Hannibal Rising:Movie Review

In 1991, Jonathan Demme’s adaptation of the Thomas Harris novel TheSilence of the Lambs thrilled movie goers and critics alike. Through the superb acting of Sir Anthony Hopkins the literary monster Dr. Hannibal “The Cannibal” Lecter was brought to life. In the years that followed we have seen the other Harris novels Red Dragon and Hannibal brought to the big screen, but they were unable to capture the essence or success of the Oscar winning original. With the recent release of Hannibal Rising director Peter Webber is hoping to recapture that cinematic magic by showing fans the origins of one of the greatest villains of all time.

The movie is quite popular even today and runs to packed houses in theatres every time it is released, which is quite a rare feat for a movie that old, for which Hopkins get the entire credit for such a stellar performance rarely seen on celluloid and one that continues to inspire actors of today and cyberflix tv is a regular website where it has received 4 stars out of 5 and is downloaded whenever available.

Set against the backdrop of the Eastern Front at the end of WWII, we quickly learn the notorious serial killer who would come to be known as The Cannibal’s childhood was unbearably tragic. As the fighting between Russia and Germany was coming to a bitter end, an eight year old Hannibal and his younger sister witness the horrors of war when their family is killed when they are caught in crossfire leaving the two young children to fend for themselves. This leaves them defenseless and they fall victim to a band of war criminals who take over the Lecter family lodge to wait out the remainder of the war.

The criminals are lead by the ruthless Grutas, played admirably by Rhys Ifans. Trapped at the lodge in the dead of winter, the criminals come to the realization they must eat to survive. With Hannibal’s young sister Mischa already dying from pneumonia, the criminals do the unthinkable and the Hannibal we have come to know is born.

After escaping the horrors of the lodge, and then later on a state orphanage, Lecter finally settles in Paris with his recently deceased Uncle’s beautiful Japanese widow. There he comes into his own and becomes a young medical student with a knack for anatomy. The murder of his sister is like a cancer growing with him however, and his hatred leads him to only one conclusion, revenge. The rest of the film is spent showing Hannibal tracking down the war criminals and disposing of them in typical Hannibal fashion.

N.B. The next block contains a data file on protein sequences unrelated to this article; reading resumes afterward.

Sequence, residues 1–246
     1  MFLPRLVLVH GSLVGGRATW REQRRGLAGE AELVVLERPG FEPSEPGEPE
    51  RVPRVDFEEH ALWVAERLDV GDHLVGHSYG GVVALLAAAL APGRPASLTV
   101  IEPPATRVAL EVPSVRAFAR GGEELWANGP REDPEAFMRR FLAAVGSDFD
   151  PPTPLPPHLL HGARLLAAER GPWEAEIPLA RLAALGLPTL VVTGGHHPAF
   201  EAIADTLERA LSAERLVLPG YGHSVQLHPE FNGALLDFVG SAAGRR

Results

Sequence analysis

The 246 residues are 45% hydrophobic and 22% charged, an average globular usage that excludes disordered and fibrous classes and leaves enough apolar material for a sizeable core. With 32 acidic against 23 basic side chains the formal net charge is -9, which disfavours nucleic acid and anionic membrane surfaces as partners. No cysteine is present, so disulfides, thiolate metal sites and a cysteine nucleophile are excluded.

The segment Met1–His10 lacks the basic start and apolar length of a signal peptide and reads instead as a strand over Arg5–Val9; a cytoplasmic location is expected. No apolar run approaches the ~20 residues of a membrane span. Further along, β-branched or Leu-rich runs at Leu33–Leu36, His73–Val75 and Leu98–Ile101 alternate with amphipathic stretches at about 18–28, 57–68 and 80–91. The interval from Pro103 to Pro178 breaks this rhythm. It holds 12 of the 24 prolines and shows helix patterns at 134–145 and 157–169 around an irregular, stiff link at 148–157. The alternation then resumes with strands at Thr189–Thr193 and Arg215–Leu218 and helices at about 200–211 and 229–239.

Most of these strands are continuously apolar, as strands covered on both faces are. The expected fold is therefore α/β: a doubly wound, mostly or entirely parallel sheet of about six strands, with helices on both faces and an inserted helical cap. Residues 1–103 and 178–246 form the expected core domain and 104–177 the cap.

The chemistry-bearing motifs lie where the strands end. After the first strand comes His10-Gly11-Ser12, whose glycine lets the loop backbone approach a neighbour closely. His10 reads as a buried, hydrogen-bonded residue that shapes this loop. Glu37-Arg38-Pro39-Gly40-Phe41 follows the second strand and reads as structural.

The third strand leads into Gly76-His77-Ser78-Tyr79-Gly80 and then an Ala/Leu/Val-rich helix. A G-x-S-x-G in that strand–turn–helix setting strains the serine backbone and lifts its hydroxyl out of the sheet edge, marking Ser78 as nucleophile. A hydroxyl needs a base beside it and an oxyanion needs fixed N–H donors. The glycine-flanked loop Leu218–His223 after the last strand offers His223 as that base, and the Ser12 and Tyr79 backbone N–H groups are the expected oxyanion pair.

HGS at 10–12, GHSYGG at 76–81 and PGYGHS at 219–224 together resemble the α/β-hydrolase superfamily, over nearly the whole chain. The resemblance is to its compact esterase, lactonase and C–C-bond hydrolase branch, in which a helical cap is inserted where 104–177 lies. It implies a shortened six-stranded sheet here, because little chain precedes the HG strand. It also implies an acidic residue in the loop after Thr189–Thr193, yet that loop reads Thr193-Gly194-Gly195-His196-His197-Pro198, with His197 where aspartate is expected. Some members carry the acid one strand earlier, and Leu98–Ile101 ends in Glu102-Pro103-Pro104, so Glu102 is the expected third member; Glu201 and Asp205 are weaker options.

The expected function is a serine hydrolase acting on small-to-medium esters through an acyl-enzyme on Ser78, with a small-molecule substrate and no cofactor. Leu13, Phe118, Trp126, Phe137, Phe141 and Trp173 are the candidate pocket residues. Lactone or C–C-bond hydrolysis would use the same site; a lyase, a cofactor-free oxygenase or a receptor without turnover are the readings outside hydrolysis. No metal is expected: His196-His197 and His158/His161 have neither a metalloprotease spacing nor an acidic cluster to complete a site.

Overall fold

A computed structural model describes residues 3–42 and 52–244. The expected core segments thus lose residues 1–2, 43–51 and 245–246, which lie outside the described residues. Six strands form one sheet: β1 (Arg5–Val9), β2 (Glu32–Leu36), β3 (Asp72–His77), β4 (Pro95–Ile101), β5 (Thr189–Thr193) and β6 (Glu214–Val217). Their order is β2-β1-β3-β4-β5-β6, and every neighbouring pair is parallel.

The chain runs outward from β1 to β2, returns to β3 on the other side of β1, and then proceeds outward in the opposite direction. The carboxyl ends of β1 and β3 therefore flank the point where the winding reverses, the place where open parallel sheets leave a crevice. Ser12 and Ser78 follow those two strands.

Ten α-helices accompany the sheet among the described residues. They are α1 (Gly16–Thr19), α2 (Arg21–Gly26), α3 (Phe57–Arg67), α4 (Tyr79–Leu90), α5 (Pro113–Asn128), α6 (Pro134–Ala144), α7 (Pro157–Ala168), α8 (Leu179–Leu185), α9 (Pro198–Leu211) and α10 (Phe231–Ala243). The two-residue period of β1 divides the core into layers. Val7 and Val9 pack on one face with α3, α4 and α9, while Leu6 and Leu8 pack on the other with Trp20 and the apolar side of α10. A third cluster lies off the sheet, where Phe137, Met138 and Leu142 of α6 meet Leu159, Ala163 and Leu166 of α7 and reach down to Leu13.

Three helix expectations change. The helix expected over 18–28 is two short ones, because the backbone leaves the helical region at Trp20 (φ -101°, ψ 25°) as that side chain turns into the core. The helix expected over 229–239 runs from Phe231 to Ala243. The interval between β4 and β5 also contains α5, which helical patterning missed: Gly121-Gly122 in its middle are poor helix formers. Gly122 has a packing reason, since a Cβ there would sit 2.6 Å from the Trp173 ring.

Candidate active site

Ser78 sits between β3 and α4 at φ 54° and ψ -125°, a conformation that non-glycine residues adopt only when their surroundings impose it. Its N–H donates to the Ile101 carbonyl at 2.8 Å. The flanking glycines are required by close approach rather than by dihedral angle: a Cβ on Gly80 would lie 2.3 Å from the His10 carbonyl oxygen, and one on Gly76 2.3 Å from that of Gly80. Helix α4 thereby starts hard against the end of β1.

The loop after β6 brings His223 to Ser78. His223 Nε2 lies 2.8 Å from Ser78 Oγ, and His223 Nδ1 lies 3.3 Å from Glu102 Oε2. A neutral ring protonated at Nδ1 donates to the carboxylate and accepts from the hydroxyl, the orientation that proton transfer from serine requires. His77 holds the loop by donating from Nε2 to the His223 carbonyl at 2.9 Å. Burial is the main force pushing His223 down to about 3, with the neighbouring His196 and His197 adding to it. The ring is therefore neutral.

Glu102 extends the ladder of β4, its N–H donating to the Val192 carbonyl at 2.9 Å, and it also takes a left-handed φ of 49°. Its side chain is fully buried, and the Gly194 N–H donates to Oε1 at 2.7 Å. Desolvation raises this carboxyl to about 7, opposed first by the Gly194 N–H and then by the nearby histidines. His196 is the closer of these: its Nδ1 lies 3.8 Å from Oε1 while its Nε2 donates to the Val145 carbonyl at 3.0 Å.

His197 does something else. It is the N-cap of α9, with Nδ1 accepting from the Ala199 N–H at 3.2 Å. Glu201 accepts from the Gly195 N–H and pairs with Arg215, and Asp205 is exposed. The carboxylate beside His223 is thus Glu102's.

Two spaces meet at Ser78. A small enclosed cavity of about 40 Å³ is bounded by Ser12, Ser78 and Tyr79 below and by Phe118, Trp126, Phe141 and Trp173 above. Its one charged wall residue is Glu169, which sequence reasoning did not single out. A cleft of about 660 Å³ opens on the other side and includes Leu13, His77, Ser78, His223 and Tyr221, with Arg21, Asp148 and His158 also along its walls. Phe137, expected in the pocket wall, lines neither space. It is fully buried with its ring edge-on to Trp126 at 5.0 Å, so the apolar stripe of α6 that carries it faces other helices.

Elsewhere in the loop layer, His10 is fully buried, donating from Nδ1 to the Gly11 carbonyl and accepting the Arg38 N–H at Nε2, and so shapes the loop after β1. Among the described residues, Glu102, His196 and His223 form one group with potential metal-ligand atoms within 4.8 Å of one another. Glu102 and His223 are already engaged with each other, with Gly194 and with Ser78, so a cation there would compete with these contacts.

Peter Webber does a somewhat average job with Hannibal Rising. Known more for his work in television, Webber seems a little out of his league with a project of this scope. The movie was shot on location in the Czech Republic which did add a sense of realism to the story, and Webber did do a good job building the suspense in the later scenes when Hannibal was stalking his prey. The problem however, was at no point did this movie feel like a thriller which is the genre the character Hannibal Lecter works best in.

The screenplay was not what it could have been either. This is odd because it was written by Thomas Harris himself, and based on his own book. The movie was pretty choppy in parts especially during the beginning where it was really important for the story to flow. I think Harris made the mistake of glossing over Hannibal’s childhood, and spending more creative energy on the revenge factor. It is shame, because Harris could have really taken this opportunity to re-invent and re-energize the Hannibal Lecter character, but instead settled for a mediocre adaptation.

The saving grace of this movie is its star Gaspard Ulliel. A virtual unknown in Hollywood, Ulliel truly captures the creepy personality and down right frightening mannerisms of Hannibal Lecter that Sir Anthony Hopkins brought to the role. Ulliel’s acting was not as well done as Hopkins, but it was clear he understood the character. As mentioned earlier Rhys Ifans does a good job with the role of Grutas and continues to show why he is a superb character actor. Li Gong and Dominic West do serviceable if unforgettable jobs with their roles, but they can not be held completely at fault as their respective characters really were not written well.

With the success of The Silence of the Lambs, fans have drooled at the prospect of seeing more of their favorite anti-hero Hannibal Lecter. The films Red Dragon and Hannibal have only wetted those fans appetites even more only to leave a bad taste in their mouths. It was hoped the newest adaptation written by Thomas Harris himself, Hannibal Rising, would be the sequel Lecter fans have dreamed of. Unfortunately, this film falls short in its attempt as well. The film works better as an action movie instead of the thriller it was intended to be. The performance of Gaspard Ulliel makes Hannibal Rising better than its two predecessors, but still far from the masterpiece of The Silence of the Lambs. Though not a bad movie, Hannibal Rising would probably be better enjoyed at home, and so I would advise to wait for the DVD.